Interrupted aortic arch: Diagnosis with gadolinium-enhanced 3D MRA

Kevin J. Roche, Glenn Krinsky, Vivian S. Lee, Neil Rofsky, Nancy B. Genieser

Research output: Contribution to journalArticlepeer-review

42 Scopus citations


Purpose: Our goal was to describe the use of gadolinium-enhanced 3D MR angiography (MRA) in the diagnosis of interrupted aortic arch (IAA). Method: A review of our MR data base from a 1 year period yielded three patients (1 day, 8 days, and 16 years old) with IAA. All were referred for evaluation of aortic arch abnormalities, only one of whom had suspected IAA. Patients were imaged at 1.5 T with a 3D spoiled gradient echo pulse sequence (TR/TE 3.8- 8/1.3-2.7 ms) following the administration of intravenous gadolinium chelates. Surgical correlation was available in all cases. Results: In the patient with clinically suspected IAA, a previously unsuspected aberrant right subclavian artery was identified that was not seen on preoperative echocardiography. In another patient with a history of previous mediastinal surgery, IAA was diagnosed without concomitant cardiac anomalies, suggesting surgical ligation. In the remaining patient, IAA was detected as well as a patent truncus arteriosus. Conclusion: Gadolinium-enhanced 3D MRA may provide for a rapid diagnosis of IAA that may not be possible with other noninvasive modalities. The rapid acquisition time enables unstable pediatric patients to spend minimal time in the MR suite.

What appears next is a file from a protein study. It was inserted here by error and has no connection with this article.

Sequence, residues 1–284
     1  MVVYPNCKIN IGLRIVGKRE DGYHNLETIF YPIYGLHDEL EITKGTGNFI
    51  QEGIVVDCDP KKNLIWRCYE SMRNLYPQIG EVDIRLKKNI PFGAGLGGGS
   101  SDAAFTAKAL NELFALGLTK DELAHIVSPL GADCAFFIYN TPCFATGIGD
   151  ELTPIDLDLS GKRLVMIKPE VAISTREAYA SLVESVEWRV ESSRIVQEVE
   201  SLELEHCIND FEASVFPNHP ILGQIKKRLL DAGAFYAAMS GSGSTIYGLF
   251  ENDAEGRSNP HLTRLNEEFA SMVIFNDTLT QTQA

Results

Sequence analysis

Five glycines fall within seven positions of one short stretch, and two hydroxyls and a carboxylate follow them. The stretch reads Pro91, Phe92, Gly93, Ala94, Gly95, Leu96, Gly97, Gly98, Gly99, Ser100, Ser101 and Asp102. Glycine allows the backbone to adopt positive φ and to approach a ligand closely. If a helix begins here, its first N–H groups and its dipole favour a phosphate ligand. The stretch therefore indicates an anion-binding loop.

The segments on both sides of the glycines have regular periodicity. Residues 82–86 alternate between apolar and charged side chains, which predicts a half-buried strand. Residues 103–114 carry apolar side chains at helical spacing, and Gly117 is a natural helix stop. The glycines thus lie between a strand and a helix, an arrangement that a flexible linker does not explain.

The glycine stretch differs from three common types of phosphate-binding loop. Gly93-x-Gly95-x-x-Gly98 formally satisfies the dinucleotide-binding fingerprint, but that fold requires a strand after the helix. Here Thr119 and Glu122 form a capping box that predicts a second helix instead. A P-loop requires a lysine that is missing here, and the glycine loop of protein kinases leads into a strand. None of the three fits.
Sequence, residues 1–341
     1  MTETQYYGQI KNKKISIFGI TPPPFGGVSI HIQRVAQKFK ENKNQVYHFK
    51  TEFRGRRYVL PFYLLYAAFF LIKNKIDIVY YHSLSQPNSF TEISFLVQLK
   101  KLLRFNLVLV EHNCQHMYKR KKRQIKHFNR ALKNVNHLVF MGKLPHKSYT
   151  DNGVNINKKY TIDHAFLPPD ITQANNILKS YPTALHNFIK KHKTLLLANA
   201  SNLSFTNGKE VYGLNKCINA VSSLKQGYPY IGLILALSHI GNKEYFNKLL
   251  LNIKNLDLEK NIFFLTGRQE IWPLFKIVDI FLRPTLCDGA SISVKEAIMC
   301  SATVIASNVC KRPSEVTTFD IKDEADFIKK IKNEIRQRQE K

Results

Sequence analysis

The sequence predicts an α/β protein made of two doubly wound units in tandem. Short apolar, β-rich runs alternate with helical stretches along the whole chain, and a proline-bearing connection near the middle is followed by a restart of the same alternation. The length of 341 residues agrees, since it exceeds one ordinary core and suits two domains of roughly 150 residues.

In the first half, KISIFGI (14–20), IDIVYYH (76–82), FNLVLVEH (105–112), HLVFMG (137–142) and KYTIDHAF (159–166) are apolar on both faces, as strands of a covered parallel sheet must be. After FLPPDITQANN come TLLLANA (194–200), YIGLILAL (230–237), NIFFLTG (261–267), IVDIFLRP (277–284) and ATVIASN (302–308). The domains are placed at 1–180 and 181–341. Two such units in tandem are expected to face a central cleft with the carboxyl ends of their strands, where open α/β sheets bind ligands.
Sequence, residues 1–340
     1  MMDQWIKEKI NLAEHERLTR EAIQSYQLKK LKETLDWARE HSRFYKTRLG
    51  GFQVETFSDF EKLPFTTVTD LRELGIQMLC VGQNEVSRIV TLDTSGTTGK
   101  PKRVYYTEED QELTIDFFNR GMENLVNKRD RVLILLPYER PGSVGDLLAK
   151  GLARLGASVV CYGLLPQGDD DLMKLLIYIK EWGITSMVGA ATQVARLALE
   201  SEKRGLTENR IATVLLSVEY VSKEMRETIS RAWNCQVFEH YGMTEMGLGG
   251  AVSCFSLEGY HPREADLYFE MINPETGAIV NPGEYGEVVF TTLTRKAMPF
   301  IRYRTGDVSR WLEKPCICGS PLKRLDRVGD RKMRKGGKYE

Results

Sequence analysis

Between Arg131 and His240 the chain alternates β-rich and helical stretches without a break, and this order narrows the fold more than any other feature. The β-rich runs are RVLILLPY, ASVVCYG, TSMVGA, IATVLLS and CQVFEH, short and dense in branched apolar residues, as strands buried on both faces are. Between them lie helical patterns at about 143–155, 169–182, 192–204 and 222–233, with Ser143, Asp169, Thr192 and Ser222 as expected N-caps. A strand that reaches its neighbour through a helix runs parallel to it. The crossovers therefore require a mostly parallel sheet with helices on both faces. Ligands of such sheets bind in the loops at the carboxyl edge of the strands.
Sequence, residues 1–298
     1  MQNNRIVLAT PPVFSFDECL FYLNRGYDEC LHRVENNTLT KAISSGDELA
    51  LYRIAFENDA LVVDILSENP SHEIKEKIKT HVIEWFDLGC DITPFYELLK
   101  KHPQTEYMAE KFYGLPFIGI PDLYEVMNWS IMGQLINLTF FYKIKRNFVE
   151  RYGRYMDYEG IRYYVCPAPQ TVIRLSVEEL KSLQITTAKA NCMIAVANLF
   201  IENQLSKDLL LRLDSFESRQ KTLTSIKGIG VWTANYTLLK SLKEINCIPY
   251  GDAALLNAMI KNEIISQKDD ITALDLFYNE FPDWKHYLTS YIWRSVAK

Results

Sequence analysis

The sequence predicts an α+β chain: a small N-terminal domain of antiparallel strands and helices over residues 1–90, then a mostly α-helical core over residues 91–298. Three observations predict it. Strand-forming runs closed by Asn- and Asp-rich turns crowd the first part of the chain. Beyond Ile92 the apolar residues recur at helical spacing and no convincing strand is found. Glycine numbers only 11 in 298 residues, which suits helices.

Original languageEnglish
Pages (from-to)197-202
Number of pages6
JournalJournal of Computer Assisted Tomography
Issue number2
StatePublished - 1999
Externally publishedYes


  • Anomalies, congenital
  • Aorta, arch
  • Magnetic resonance angiography (MRA)
  • Mediastinum


Dive into the research topics of 'Interrupted aortic arch: Diagnosis with gadolinium-enhanced 3D MRA'. Together they form a unique fingerprint.

Cite this